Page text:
While data preservation, curation, and aggregation are different, they are all important concepts to understand when working in digital history. Data preservation is when the digital historian actively maintains, protects, and collects data. Curation is when the digital historian sorts through data, selecting which data to use and not use. Aggregation is when data is put together into an organized group to form a whole body or project. These methods are all used in digital archiving.
While useful, digital archiving is often met with a lot of tension. For example, some are very protective of the data they are responsible for and feel that a very limited amount of people deserve access to it. This can be seen in some physical archives where only professional M.A.s or PhDs have access. Digital archives challenge this by giving access to their archives to pretty much anyone who has internet access. Another argument against digitizing data, as Cohen and Rosenzweig explain in Chapter 3, is that physical data (including objects) carries more meaning than digital data. A good way to fix these issues is by preserving and maintaining physical data and giving access to that physical data to those qualified and trusted with handling that data while also giving everyone else access to digital versions of physical data.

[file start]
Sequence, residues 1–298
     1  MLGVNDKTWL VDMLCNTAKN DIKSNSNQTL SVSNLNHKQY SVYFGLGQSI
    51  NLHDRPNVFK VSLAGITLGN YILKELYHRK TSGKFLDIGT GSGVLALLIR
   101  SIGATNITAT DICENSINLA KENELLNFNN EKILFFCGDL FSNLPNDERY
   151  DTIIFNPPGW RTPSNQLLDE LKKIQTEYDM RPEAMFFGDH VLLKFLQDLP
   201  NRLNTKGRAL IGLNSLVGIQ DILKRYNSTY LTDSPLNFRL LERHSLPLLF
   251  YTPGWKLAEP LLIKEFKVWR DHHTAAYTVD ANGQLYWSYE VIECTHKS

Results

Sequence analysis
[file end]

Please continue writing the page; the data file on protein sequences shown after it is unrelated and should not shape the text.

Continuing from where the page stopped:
If I were to go about digitally preserving and documenting my family history, I would start off by scanning any photo I can and digitizing any old home videos I can. I would also record different family members telling personal/family stories and attempt to transcribe as much of those accounts as I can. I would then tag those files with the people in or mentioned in them and organize the files by date so everything I need can be easy to find. I would like to keep this data on my own computer and back it up on a hard drive while finding a way to allow other family members to access/contribute to that data online while also keeping it only accessible to family.
Since archivists’ time is limited, they must prioritize preserving data that is not only related to their project but also adds substance to the project. In order to avoid redundancy or having an overwhelming amount of data, archivists need to pick and choose which data is truly important and impactful. Archivists should pick the websites that they are the most comfortable with using to make the process as smooth as possible.